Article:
Volcanic Ash Advisory Center

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A Volcanic Ash Advisory Center (VAAC) is a group of experts responsible for coordinating and disseminating information on atmospheric volcanic ash clouds that may endanger aviation. As at 2019, there are nine Volcanic Ash Advisory Centers located around the world, each one focusing on a particular geographical region. Their analyses are made public in the form of volcanic ash advisories (VAAs), involving expertise analysis of satellite observations, ground and pilot observations and interpretation of ash dispersion models. [1]

The worldwide network of Volcanic Ash Advisory Centers was set up by the International Civil Aviation Organization (ICAO), an agency of the United Nations, as part of the International Airways Volcano Watch (IAVW), an international set of arrangements for monitoring and providing warnings to aircraft of volcanic ash. The operations and development of the IAVW are coordinated by the Meteorology Panel (METP) established by the ICAO Air Navigation Commission. [2] [3] The individual VAACs are run as part of national weather forecasting organisations of the country where they are based, e.g. the US National Weather Service or the British Met Office.


The centers were set up in the 1990s to improve forecasts of the locations of ash clouds from volcanic eruptions following incidents where commercial aircraft had flown through volcanic ash resulting in the loss of engine power. British Airways Flight 9, a Boeing 747, lost power to all four engines in 1982 over Indonesia after an eruption of Mount Galunggung. KLM Flight 867, another Boeing 747, again lost power to all engines in 1989 over Alaska after Mount Redoubt erupted. It was recognised following these and other incidents that volcanic ash was a danger to commercial aviation and that the only way to ensure that there would be no loss of an aircraft was to alert pilots in a timely manner to divert their flight around the cloud.


Coverage of the nine VAAC around the world

There are nine VAAC locations each with a defined area to monitor. The centers coordinate with adjacent VAAC, flight control centers within and adjacent to their area as well as meteorological offices within and adjacent to their area of operation.

The areas covered by the VAAC are set either by coordinates or by Flight Information Regions (FIR) that are internationally agreed as part of the IAVW program of the ICAO and the areas that each has responsibility is set out in the Handbook on the IAVW. [4]

Name Area of responsibility Host national organisation Link
Anchorage Anchorage Oceanic, Anchorage Continental, Oakland Oceanic FIRs North of N4300 E16500, N4812 W15000, N4812 W12800 Anchorage Arctic, and West to E15000, North of N6000 National Weather Service Anchorage VAAC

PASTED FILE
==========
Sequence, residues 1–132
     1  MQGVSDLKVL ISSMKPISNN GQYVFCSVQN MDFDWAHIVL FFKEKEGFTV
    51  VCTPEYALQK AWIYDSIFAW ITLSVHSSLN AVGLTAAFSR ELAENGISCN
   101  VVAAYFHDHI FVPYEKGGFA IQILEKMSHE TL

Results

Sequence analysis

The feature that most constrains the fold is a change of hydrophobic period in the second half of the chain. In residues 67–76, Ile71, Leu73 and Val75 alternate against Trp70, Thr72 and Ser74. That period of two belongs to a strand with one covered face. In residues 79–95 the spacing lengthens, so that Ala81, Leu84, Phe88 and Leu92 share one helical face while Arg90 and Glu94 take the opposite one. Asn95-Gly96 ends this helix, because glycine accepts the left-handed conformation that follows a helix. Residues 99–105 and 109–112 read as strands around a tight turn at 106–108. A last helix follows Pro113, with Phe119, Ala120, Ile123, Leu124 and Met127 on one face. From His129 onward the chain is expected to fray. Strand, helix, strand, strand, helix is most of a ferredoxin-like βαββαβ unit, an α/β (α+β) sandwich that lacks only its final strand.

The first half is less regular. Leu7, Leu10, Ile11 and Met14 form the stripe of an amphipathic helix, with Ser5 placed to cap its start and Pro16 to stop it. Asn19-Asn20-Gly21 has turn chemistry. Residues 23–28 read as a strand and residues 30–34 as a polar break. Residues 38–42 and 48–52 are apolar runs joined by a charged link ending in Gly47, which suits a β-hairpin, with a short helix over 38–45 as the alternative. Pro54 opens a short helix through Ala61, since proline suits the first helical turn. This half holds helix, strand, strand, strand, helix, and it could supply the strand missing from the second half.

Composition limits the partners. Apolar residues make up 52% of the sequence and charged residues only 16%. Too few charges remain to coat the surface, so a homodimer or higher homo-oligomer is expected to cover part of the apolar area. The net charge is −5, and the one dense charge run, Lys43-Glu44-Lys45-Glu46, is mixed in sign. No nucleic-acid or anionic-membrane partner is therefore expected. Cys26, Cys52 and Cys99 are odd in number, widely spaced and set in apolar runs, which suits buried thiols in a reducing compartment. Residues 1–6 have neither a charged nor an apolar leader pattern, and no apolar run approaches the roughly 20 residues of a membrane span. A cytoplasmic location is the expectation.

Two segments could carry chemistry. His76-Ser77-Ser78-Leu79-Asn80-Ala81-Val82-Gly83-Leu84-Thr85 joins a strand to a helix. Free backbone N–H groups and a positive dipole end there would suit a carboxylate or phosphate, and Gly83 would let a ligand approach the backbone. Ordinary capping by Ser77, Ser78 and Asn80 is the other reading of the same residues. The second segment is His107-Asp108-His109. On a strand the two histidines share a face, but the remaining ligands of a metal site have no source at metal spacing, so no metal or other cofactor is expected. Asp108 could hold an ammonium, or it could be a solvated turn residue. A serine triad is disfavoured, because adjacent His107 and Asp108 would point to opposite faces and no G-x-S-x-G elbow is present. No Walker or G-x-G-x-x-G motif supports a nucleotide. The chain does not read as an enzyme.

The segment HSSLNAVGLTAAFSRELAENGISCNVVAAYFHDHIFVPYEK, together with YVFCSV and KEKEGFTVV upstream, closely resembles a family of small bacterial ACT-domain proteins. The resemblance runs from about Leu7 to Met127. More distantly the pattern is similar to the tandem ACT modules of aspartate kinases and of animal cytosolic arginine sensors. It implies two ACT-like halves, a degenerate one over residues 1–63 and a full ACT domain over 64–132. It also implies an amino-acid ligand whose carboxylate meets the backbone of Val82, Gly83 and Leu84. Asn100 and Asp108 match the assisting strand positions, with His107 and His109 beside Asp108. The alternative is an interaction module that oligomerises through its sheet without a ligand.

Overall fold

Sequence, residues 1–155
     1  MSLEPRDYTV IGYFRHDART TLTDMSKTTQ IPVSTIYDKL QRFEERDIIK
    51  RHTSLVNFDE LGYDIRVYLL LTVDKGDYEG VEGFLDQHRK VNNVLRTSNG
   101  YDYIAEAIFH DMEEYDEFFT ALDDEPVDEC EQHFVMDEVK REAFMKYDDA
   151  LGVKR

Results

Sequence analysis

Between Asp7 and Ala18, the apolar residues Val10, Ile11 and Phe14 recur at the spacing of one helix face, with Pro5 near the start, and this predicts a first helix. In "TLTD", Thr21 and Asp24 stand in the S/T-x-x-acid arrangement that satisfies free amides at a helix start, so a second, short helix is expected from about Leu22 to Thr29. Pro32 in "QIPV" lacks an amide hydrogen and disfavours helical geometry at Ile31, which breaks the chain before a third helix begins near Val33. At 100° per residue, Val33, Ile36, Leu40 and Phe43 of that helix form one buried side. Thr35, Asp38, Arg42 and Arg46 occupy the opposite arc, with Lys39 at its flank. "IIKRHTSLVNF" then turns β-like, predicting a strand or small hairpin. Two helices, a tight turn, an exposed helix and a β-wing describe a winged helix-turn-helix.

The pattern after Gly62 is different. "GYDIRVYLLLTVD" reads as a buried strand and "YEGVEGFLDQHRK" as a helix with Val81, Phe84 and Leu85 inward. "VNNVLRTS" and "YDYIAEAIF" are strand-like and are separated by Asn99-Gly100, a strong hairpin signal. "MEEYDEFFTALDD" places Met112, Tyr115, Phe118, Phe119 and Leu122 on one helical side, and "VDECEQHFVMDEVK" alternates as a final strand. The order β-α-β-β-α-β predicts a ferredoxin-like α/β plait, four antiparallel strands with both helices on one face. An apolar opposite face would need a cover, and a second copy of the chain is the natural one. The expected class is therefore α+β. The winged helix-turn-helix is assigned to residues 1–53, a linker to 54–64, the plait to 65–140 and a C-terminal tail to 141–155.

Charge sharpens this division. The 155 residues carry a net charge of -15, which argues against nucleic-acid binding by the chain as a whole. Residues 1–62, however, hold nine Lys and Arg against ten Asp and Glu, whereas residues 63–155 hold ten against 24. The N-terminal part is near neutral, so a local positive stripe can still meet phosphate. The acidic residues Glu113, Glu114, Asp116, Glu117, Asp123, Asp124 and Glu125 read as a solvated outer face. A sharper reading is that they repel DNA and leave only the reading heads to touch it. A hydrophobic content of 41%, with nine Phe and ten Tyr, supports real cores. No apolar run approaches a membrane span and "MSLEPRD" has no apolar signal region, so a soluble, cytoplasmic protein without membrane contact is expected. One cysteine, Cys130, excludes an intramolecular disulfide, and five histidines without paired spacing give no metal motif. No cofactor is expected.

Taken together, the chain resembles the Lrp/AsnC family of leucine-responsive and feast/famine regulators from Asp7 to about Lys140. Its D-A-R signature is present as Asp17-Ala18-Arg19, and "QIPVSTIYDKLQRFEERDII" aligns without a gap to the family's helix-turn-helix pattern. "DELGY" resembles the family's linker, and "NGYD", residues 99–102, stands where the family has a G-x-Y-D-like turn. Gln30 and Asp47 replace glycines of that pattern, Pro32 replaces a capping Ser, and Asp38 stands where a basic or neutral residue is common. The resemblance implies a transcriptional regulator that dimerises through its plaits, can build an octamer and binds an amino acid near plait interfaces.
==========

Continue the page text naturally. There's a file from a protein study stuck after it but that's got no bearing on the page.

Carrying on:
Buenos Aires South of S1000 between W01000 and W09000 Servicio Meteorológico Nacional - Argentina Buenos Aires VAAC
Darwin Southward from N2000 and from E08200 to E10000, and Southward from N1000 and from E10000 to E16000, and the Colombo, Melbourne and Brisbane FIRs Bureau of Meteorology Darwin VAAC
London South of the North Pole and North of N7100 between the Prime Meridian and E09000 Bødo Oceanic, Finland, Kobenhavn, London, Norway, Reykjavik, Scottish Shannon Shanwick Oceanic and Sweden Met Office London VAAC
Montreal Søndrestrøm, Gander Oceanic, Canadian Continental FIRs (including the Arctic Ocean) Meteorological Service of Canada Montreal VAAC
Tokyo N6000 to N1000 and from E09000 to Oakland Oceanic and Anchorage Oceanic and Continental FIR boundaries except the area within N2000 E09000 to N2000 E10000 to N1000 E10000 to N1000 E09000 Japan Meteorological Agency Tokyo VAAC
Toulouse Santa Maria Oceanic FIR, AFI Region down to the South Pole, EUR Region (except for Finland, Kobenhavn, London, Norway, Scottish, Shannon and Sweden FIRs) West of E09000 and South of N7100, MID Region, and ASIA Region West of E09000 North of N2000 (plus Mumbai, Chennai (West of E08200) and Male FIRs) Météo-France Toulouse VAAC
Washington New York Oceanic Oakland Oceanic South of N4300 E16500 to N4820 W15000 to N4820 W12800, United States Continental FIRs, New York Oceanic FIR North of S1000 W14000 East of 0000 W14000 and North of S10000 W14000 to S1000 W03000, Nadi and Nauru FIRs North of Equator NOAA Washington VAAC
Wellington Southward from the Equator and from 160 east to 140 west, except for the Melbourne and Brisbane FIRs, and southward from 10 south and from 140 west to 90 west. Meteorological Service of New Zealand Limited Wellington VAAC

The areas of responsibility for VAAC cover the entire world.

Volcanic ash advisories[edit]

When an ash cloud is detected, the VAAC will gather all the available observations, using them in conjunction with both ash dispersion and numerical weather models, to forecast the path and evolution of the ash cloud. They will then issue a volcanic ash advisory (VAA) to aviation and meteorological offices as stated within the Handbook on the IAVW. This will be in the format of a text based message, with a corresponding graphic.

Within the advisory the following information will be provided: the name of the volcano, the country/region, location and summit elevation of the volcano, the source of the information, e.g. satellite or pilot observation, details of the eruption including time of day in UTC and date of the eruption, details of the ash cloud including the vertical extent (in flight levels) and horizontal extent, detail on the current movement of the ash cloud, forecast movement and evolution of the cloud for 6, 12 and 18 hours ahead following the time of the advisory, any remarks by the VAAC and finally the next update time.

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